An all-too-common mandolin repair
Loose Soundhole Brace
© Frank Ford 2003; Photos by FF
I have this little reflex action every time I pick up one of those early Gibson oval hole mandolins:
I reach inside to see if the soundhole brace is loose by squeezing the end of the brace against the top to feel a bit of movement at its end. There's only this one little brace inside the top, and it carries the downward load of string tension past the soundhole, keeping the top from sinking over time. It's such an important structural element, that I'm always on the lookout for any signs of failure. At an average age of more than 80 years, these instruments are prone to joint looseness, and my expectation is that I'll find that brace loose a fair percentage of the time.
Sure enough, you can see how easily I can slip my bent palette knife under the end of the brace:
I'll use this same bent knife to deliver the glue:
While the mandolin was originally made with hide glue, I'll often use aliphatic resin glue for this operation. Hide glue does not work all that well in a joint that's contaminated with a lot of oxidation and dirt, and this brace may have been loose for a couple of generations, so I don't have a lot of confidence about it being very clean in there.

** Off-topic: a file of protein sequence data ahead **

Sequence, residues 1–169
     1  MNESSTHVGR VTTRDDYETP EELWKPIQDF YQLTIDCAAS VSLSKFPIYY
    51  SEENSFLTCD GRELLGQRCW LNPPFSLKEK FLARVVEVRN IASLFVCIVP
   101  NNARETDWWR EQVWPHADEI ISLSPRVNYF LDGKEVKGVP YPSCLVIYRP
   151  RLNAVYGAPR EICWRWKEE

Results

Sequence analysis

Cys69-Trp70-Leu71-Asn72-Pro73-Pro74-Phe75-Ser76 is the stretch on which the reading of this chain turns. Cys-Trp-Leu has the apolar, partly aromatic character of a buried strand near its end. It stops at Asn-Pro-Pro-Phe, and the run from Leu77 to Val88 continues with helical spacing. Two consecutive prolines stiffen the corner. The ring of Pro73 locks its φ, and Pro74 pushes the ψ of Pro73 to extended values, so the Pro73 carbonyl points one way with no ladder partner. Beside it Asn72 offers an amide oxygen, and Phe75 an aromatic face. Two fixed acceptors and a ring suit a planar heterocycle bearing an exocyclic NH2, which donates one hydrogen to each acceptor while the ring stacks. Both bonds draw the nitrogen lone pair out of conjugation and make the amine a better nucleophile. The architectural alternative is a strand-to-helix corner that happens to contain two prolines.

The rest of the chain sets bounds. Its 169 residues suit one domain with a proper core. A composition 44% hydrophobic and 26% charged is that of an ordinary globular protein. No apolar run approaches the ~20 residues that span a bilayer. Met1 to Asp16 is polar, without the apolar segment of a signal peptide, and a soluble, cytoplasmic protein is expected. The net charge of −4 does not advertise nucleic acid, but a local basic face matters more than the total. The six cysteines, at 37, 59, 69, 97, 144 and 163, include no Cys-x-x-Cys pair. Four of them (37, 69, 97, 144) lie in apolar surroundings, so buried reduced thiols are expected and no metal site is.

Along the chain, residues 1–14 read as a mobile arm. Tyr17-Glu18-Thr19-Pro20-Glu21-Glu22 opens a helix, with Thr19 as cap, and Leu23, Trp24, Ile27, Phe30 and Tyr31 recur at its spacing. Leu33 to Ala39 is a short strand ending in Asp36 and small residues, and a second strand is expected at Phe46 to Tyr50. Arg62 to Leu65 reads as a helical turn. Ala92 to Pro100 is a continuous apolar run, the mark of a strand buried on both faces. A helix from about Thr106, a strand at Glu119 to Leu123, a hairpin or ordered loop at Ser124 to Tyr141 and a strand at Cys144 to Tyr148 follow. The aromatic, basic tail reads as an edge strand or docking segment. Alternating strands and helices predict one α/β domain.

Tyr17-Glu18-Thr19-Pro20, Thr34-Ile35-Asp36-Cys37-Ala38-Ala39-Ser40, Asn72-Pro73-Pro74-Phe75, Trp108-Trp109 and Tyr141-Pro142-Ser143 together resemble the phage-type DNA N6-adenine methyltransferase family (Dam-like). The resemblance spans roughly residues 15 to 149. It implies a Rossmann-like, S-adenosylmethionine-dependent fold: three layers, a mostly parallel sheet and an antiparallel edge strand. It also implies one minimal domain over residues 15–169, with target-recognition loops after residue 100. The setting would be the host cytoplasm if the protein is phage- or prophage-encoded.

I'll smear some glue on the bottom surface of the knife, leaving the upper surface clean:
Then, as I stick the knife in, I won't rub glue all over the inside of the top until the knife goes under the brace:
I'll try not to pry the entire brace loose in the process, because it would be a lot easier to reglue each end separately than to remove, clean up and replace the brace in exactly the right position.
I give a quick wipe with a damp rag to clean off the excess glue:
And get my little clamp ready. It's a simple C-clamp with a pad on the bottom to distribute pressure on the very tip of the brace:
As long as that feather edge tip of the brace stays glued to the top, the brace will do its job, so I really don't have to clamp the brace anywhere else along its length, unless it had come off completely:
You can't see it in the photo, but I have the top of the mandolin protected with a thin one-inch square leather covered piece of hardwood. I'm using relatively little clamping pressure to avoid crushing that delicate brace.
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